“Love the foreigner, therefore, for you were foreigners in the land of Egypt.” (Deuteronomy 10:19)

“Here there is not Greek and Jew, circumcised and uncircumcised, barbarian, Scythian, slave, free; but Christ is all, and in all.” (Colossians 3:11)

Jerry spent the last hour cutting moldy sheetrock away from our bathroom walls. His graying mustache turns up at the ends and grows over his upper lip, fluttering when he speaks in a low bass drawl.

He borrows my phone to call a mold specialist for advice and a receptionist with an Australian accent answers. She struggles to understand his deep gravelly questions and asks him to repeat himself several times. When the call is over, he hangs up and grumbles my direction. “Foreigners.”

Right on cue, Sambhaji, just of the school bus, walks in the door and wraps his arms around my waist.

“Hey! Where have you been?” I ask.

The cherub-faced young man in the yellow vest grabs my suitcase and sighs. “Been busy, friend. Very busy.”

He grabs my hand and pulls me into a one-armed hug. The other travelers in line for the shuttle are watching. “He travels a lot,” Jason explains.

“You can have a hug too, but you have to tip well,” I said.

I’ve mined Jason’s story one question at a time, five minutes at a time over the last three years while waiting for the parking shuttle at the Nashville airport. He came to America to escape a war and to become a lawyer. As soon as he landed in Nashville he applied for this job lifting bags into buses.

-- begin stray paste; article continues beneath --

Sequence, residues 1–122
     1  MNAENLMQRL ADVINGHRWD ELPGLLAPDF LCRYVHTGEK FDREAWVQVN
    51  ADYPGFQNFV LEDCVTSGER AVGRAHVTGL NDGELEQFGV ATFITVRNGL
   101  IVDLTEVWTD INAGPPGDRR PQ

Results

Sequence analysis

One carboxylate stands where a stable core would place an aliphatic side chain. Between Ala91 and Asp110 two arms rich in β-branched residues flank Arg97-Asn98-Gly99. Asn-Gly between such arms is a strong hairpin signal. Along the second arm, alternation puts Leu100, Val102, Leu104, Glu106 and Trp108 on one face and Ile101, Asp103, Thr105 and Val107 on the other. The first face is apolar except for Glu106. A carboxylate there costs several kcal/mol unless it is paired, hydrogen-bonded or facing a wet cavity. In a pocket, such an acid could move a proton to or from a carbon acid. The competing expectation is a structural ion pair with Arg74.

He has two other jobs as well. All this work to pay for school – that slow climb, one class at a time, toward his dream.

Most travelers don’t talk to him and he wonders if that’s because he’s Arab. “No,” I tell him,”people just don’t talk to strangers much anymore.”

Ray and I are getting to know each other before the church service begins. Outside, the sun is coming up over mountains covered in evergreens. Inside, parishioners with every shade of skin slowly fill the pews.

“How long have you been here?” I ask.

“In this church, or city or country?”

And he told me about growing up in Mexico, about becoming an electrician and eventually owning his own company that worked mostly government contracts wiring entire cities.

“I did well, but not like here.”

In Mexico he had a drinking problem, frightened kids and a crumbling marriage. But then a relative moved to America and became a Christian and soon invited Ray to do both. He did.

Jesus and America changed his life.

Today, Ray is an electrician who pastors an Hispanic Mission on the side. “I’m working toward my ordination.”

I asked how he came here and he understood the real question behind the question. He leaned in and whispered…

“I applied for a 30 day tourist visa and when the 30 days were over I defaulted. That was thirteen years ago.”

“Are you afraid of being caught?” I asked.

“No,” he said. “If I stay out of trouble I’m OK. If I’m not OK I will stand before the judge and explain that I work hard and I’m no trouble. I’m a minister of the gospel and a good electrician, a good father and good husband, and America needs me.”

As I sang I watched him in the back of the room – snaggle-toothed smiling, hands raised, singing, “Jesus paid it all; all to Him I owe.”